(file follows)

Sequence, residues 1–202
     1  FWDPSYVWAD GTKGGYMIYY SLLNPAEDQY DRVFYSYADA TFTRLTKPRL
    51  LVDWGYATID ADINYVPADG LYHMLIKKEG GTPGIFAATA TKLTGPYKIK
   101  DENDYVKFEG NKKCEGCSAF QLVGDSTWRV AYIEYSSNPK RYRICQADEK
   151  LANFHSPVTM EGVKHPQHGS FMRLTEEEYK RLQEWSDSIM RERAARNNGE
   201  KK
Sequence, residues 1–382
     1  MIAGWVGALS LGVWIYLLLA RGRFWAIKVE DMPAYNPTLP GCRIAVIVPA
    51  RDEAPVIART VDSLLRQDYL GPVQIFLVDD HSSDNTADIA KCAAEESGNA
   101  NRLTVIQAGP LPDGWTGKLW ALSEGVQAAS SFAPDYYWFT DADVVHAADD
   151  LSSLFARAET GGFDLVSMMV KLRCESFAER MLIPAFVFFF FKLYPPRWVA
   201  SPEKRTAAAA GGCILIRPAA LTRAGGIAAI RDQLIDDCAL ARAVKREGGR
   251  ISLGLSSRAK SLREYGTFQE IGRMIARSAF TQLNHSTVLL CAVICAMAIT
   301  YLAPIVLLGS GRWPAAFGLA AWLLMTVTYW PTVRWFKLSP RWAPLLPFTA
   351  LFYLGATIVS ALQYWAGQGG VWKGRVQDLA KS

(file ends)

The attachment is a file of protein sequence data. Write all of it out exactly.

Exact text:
Sequence, residues 1–202
     1  FWDPSYVWAD GTKGGYMIYY SLLNPAEDQY DRVFYSYADA TFTRLTKPRL
    51  LVDWGYATID ADINYVPADG LYHMLIKKEG GTPGIFAATA TKLTGPYKIK
   101  DENDYVKFEG NKKCEGCSAF QLVGDSTWRV AYIEYSSNPK RYRICQADEK
   151  LANFHSPVTM EGVKHPQHGS FMRLTEEEYK RLQEWSDSIM RERAARNNGE
   201  KK
Sequence, residues 1–382
     1  MIAGWVGALS LGVWIYLLLA RGRFWAIKVE DMPAYNPTLP GCRIAVIVPA
    51  RDEAPVIART VDSLLRQDYL GPVQIFLVDD HSSDNTADIA KCAAEESGNA
   101  NRLTVIQAGP LPDGWTGKLW ALSEGVQAAS SFAPDYYWFT DADVVHAADD
   151  LSSLFARAET GGFDLVSMMV KLRCESFAER MLIPAFVFFF FKLYPPRWVA
   201  SPEKRTAAAA GGCILIRPAA LTRAGGIAAI RDQLIDDCAL ARAVKREGGR
   251  ISLGLSSRAK SLREYGTFQE IGRMIARSAF TQLNHSTVLL CAVICAMAIT
   301  YLAPIVLLGS GRWPAAFGLA AWLLMTVTYW PTVRWFKLSP RWAPLLPFTA
   351  LFYLGATIVS ALQYWAGQGG VWKGRVQDLA KS